Recognized as the largest castle in the world by surface area, the Castle of the Teutonic Order in Malbork (as it is often referred as) boasts the most complete and illustrative example of the ‘Gothic’ brick complex which was fashioned in the unique style of the Teutonic Order.
This imposing structure was built in 1274 when the monastic state in Prussia, founded by the Teutonic Knights, the ‘Catholic religious order of Germany’, was at its apex.
This classic medieval styled castle is located in the northern Poland’s Pomeranian region, along the Nogat River, in the ‘Vistula River delta’ near ‘Baltic Sea’.
The castle was built in a form of an ‘Ordensburg Fortress’ and was named as ‘Marienburg’ (Mary’s Castle) after the ‘Virgin Mary’ who was the patron saint of the Order.
The town surrounding the castle was also named as ‘Marienburg’.
This magnificent castle’s outermost wall encloses 52 acres (21 ha) of the area which is four times larger than the area enclosed by ‘Windsor Castle.
History In Brief:
The castle was built by the ‘Teutonic Orders’ after the conquest of old ‘Prussia’ in order to strengthen their stronghold over the ‘Pomeranian’ region.
The castle was expanded several times to accommodate the growing numbers of Knights and soon it became the largest fortified Gothic structure in Europe.
The strategic importance of the ‘Malbork Castle’ surged during the Teutonic Knights’ invasion on Gdansk and Pomerania in 1308 and it housed nearly 3,000 Teutonic warriors during that period.
by James Gould-Bourn
Cycling is one of the most eco-friendly ways to travel, and thanks to this solar-powered bike lane that glows in the dark, it just got even more so.
The luminous blue cycling strip, which can be found near Lidzbark Warminski in the north of Poland, was created by TPA Instytut Badań Technicznych Sp. z o.o.
It’s made from a synthetic material that can give out light for up to ten hours at a time once charged by the sun throughout the day.
Although the concept was inspired by Studio Roosegaarde’s Starry Night bike lane in the Netherlands, the technology is quite different as the Dutch version uses LEDs whereas this one is entirely dependent upon solar power.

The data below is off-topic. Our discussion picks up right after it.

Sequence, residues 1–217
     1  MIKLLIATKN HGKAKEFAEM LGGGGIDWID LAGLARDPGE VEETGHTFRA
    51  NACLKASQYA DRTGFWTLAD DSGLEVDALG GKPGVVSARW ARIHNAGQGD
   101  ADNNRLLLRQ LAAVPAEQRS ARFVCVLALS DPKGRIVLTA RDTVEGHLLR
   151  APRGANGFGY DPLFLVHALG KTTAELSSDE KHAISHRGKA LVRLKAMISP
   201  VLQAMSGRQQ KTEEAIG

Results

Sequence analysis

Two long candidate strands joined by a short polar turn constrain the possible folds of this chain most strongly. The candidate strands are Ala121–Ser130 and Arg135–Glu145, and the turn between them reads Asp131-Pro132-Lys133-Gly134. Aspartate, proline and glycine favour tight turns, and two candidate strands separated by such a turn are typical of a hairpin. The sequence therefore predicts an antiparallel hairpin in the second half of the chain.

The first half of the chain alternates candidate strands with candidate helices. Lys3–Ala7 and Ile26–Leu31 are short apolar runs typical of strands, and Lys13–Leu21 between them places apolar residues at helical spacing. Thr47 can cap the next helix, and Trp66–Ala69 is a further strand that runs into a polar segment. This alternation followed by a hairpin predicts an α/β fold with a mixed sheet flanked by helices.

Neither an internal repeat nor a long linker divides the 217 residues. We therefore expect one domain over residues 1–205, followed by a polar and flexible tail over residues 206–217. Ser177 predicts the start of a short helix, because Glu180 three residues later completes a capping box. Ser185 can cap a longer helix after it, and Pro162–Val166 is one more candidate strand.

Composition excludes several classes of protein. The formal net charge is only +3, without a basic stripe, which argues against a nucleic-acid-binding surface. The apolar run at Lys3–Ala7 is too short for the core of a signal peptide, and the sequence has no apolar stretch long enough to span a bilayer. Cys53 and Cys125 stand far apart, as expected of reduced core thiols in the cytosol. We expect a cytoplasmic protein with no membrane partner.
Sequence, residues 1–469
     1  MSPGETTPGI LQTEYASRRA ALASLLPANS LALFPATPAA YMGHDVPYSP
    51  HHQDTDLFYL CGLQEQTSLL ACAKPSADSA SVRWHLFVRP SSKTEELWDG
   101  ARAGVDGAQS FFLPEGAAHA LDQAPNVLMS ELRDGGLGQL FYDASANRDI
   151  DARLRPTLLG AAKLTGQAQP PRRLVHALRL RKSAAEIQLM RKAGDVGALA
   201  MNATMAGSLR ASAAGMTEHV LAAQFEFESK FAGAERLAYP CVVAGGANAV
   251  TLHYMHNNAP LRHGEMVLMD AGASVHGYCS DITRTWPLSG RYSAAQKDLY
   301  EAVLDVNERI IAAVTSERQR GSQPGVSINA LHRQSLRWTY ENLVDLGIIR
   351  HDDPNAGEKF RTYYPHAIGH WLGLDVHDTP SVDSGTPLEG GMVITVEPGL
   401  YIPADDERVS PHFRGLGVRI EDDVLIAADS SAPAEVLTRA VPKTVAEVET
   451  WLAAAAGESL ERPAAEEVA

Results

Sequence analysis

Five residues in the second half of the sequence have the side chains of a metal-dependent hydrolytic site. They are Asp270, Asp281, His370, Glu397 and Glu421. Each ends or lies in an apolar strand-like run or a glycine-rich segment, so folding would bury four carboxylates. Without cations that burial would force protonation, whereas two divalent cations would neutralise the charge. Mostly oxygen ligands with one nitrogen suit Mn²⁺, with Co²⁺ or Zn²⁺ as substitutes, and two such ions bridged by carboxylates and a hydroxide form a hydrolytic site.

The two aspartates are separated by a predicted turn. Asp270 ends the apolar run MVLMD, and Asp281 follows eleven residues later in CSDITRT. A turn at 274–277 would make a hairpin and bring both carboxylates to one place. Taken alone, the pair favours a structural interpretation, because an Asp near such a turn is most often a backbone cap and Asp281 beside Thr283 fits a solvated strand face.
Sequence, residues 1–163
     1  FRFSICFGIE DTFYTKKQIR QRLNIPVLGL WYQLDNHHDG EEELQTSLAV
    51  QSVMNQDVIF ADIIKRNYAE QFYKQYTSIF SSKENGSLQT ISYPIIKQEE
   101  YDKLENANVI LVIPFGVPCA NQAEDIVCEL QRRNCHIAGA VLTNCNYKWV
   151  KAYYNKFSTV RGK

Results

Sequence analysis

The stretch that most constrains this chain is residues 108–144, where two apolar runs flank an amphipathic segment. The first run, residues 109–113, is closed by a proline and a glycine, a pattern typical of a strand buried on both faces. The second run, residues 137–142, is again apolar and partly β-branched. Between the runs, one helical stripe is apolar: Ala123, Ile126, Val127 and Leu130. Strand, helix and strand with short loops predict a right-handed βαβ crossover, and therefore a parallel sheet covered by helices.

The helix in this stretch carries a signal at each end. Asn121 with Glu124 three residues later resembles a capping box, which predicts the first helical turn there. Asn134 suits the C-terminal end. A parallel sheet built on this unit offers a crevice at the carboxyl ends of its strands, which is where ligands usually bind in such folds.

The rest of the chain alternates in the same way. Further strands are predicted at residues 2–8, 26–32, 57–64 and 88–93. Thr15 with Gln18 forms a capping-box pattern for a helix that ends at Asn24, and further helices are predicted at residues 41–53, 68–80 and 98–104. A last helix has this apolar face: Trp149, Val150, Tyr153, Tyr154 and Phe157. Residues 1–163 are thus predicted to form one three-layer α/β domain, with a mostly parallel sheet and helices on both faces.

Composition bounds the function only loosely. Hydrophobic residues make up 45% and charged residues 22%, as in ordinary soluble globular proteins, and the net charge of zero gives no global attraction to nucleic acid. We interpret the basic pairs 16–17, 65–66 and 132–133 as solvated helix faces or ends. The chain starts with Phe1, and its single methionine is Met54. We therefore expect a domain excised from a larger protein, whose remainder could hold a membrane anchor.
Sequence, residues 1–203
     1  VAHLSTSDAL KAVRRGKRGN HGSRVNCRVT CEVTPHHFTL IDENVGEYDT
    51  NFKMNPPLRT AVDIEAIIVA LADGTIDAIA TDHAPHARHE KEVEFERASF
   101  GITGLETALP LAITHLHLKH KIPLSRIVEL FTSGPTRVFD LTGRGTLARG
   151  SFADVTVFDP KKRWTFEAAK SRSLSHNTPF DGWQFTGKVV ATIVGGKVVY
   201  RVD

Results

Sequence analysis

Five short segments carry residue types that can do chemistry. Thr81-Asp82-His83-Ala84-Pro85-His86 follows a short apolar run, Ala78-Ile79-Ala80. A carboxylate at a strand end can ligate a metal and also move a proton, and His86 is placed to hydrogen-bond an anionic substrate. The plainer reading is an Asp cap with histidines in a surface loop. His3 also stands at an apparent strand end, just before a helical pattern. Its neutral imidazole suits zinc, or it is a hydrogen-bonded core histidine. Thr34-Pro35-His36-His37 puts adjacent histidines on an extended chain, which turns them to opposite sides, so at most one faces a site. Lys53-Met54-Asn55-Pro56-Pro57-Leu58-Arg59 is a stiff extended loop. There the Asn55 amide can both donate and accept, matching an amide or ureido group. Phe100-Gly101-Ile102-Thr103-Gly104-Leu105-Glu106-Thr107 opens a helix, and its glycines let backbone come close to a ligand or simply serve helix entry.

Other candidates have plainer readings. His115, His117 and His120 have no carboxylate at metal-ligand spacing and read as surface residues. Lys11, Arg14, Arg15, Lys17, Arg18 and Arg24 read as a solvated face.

It’s still in the testing phase at the moment, but let’s hope that this bright idea will be implemented in other countries in the very near future.
There’s a small grove of regular pine trees in West Pomerania, Poland, that has become famous because of one little “twist” – all 400 of the trees located there have a strange bend at the base!
The stand of trees was planted around 1930 in what was then Germany.
The trees all take a sharp 90-degree turn soon after leaving the ground before sweeping back into an upright position with a graceful curve.
Their strange but beautiful nature is captured perfectly in the below photos by Kilian Schönberger, whom we’ve written about before here.
No one is certain how or why the trees were bent, but most believe that it was an intentional, mechanical process.
Trees can be manipulated to create naturally bent parts for, furniture or other applications.
Others have theorized that a severe snowfall could have caused the curious phenomenon.
More info: kilianschoenberger.de | Facebook | Instagram | Behance (h/t: colossal)
by Przemysław Kruk
The Maple Alley in Złoty Potok in Poland is a really charming place.
It is placed on “Jura” (land between Cracow and Czestochowa) among calcareous rocks and beautiful forests.
Formerly this road was frequented by horse chases.
I fell in love with this place 8 years ago. Actually, I come here often during every autumn but I come across good conditions only once in 4 year.
Maples lose their leafs truly quick and this is always race again time.
Although when you “meet” the weather, colors, and fog, it becomes magical.